Smith, who is predominantly treating Covid-19 patients at a hospital in New York City, revealed the tragic last words of a dying man he was about to place on a ventilator: “Who’s going to pay for it?” the coronavirus patient asked Smith in between labored breaths.
“They were last words I’ll never forget,” Smith told CNN.
“(This patient) was in severe respiratory distress, had difficulty speaking, and yet still his main concern was who could pay for a procedure that would his extend his life but statistically he doesn’t have a good likelihood of survival.”
Knowing that the patient was most likely not going to recover once he was intubated, Smith and his colleagues called the man’s wife to give them what may have been their last chance to say goodbye.
Most Covid-19 patients will die after being placed on ventilators, with the mortality rate reaching up to 80% in intubated coronavirus patients, Smith said. While he does not know whether his patient survived, he said it was “pretty unlikely.”
Smith called the incident “by far the worst thing” he has witnessed in his 12 years of critical care and anesthesia and said the moment shed light on a health care system that he says has been and still is failing its people.
“I was very sad and honestly, a little horrified. This demonstrates that we have a profound failure when one has to worry about their finances when they’re dealing with much bigger issues that have to do with life or death.”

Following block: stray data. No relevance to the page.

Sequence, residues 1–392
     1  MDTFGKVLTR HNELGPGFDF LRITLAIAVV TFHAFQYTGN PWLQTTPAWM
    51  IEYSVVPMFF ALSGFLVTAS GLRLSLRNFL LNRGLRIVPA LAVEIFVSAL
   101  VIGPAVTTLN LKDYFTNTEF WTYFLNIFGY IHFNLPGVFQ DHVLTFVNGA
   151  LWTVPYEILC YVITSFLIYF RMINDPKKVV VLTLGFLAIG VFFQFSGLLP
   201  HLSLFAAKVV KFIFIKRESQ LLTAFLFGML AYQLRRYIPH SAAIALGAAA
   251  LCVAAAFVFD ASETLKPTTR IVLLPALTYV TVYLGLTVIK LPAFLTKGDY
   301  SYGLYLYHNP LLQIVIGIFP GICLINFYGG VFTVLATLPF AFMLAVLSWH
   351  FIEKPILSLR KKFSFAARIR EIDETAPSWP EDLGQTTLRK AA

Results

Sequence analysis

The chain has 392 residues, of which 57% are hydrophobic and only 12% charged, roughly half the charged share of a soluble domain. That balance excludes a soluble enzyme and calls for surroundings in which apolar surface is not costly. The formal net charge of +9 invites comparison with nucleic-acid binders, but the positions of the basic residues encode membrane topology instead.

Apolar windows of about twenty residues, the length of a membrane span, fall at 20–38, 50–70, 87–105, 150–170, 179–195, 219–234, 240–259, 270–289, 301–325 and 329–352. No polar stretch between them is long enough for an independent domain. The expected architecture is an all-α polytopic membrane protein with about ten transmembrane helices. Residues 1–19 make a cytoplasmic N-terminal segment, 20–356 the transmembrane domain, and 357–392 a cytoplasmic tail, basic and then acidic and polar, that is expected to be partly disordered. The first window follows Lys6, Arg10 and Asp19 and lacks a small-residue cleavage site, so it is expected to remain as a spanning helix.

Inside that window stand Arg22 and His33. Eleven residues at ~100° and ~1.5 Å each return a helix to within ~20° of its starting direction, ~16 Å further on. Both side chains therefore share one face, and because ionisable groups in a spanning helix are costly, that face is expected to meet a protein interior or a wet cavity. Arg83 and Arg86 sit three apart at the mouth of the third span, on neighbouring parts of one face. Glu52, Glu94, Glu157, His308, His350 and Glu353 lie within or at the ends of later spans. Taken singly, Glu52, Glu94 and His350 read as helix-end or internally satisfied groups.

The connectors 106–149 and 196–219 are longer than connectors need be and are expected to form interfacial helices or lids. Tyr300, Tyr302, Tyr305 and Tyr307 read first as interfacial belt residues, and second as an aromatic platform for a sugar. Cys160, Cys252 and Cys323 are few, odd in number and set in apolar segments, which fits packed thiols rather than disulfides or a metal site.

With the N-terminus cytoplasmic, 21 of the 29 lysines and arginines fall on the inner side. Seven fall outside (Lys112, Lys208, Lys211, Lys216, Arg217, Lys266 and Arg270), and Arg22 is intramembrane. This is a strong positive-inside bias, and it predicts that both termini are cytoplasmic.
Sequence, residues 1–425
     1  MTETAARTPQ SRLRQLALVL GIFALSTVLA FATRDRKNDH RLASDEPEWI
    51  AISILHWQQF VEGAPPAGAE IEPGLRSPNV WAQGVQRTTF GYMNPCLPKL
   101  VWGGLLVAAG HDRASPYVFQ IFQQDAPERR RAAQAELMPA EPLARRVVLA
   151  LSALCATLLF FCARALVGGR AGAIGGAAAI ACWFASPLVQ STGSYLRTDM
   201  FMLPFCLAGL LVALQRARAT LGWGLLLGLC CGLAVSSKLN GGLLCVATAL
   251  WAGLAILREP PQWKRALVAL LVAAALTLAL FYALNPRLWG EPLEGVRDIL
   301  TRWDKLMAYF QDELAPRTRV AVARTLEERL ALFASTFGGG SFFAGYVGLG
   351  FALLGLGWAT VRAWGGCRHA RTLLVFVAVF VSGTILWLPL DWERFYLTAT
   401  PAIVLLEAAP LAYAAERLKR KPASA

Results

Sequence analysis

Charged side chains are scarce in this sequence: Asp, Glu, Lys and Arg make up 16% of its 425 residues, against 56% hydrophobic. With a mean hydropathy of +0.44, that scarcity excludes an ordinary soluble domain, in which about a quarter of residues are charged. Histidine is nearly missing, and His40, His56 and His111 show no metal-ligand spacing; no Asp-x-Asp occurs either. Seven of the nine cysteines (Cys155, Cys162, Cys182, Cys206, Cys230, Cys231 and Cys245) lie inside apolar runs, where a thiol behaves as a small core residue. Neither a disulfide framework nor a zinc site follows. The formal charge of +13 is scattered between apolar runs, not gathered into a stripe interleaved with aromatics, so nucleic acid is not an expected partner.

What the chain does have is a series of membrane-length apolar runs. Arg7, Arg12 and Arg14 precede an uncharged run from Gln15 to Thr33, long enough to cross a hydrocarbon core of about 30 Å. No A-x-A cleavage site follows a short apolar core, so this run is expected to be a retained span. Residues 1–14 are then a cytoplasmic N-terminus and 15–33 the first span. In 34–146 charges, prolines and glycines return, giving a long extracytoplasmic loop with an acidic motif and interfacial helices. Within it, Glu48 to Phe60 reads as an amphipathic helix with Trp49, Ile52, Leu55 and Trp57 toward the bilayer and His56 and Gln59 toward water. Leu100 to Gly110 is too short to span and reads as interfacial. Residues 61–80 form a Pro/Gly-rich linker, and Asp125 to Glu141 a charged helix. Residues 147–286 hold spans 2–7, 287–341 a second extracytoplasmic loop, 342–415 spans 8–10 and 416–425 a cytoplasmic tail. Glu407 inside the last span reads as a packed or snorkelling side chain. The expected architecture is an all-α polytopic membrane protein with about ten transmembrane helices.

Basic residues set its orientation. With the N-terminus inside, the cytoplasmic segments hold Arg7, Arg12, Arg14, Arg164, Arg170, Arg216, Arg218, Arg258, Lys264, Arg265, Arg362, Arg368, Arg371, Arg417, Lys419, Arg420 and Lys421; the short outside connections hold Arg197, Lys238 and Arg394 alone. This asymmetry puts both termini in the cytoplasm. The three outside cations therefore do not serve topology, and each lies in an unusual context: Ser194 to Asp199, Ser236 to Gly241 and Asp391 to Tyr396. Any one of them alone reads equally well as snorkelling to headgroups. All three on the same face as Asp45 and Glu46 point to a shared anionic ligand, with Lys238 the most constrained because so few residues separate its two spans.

Looking at the bigger picture
Smith did not have an answer to his patient’s question and instead turned the conversation to getting the man to talk to his spouse one last time. Despite the tragic circumstances, the question was a valid concern.
“The pandemic has highlighted a lot of structural inadequacies in our country, not only the response to the pandemic itself, but our approach to health care coverage,” Smith said.
The United States is the only developed nation without universal health care. Nearly 28 million non-elderly Americans, or 10.4%, were uninsured in 2018, according to the most recent Census Bureau data available.
“Addressing coronavirus with tens of millions of people without health insurance or with inadequate insurance will be a uniquely American challenge among developed countries,” tweeted Larry Levitt, executive vice president for health policy at Kaiser. “It will take money to treat people and address uncompensated care absorbed by providers.”
Concerned that high costs may dissuade people from getting checked out if they feel ill, many insurers and several states are waiving co-pays for the coronavirus test for certain policyholders. But patients will still have to pay for the visit, other testing and any treatment for the coronavirus or other illness they may turn out to have.
For now-unemployed Americans who get their health insurance benefits from their jobs, this is yet another major crisis.
Altogether, about 16.8 million American workers, making up about 11% of the US labor force, have filed initial claims for unemployment benefits in just the prior three weeks.
“This can only get worse if we don’t improve equitable access to health care,” Smith said.
“As a result of the many job losses related to the pandemic, the uninsured population will only increase, and it will still remain a challenge for those who do retain private health insurance. The last analysis I saw projected up to a 40% increase in insurance premiums by next year so that’s going to be an even bigger burden we need to talk about.”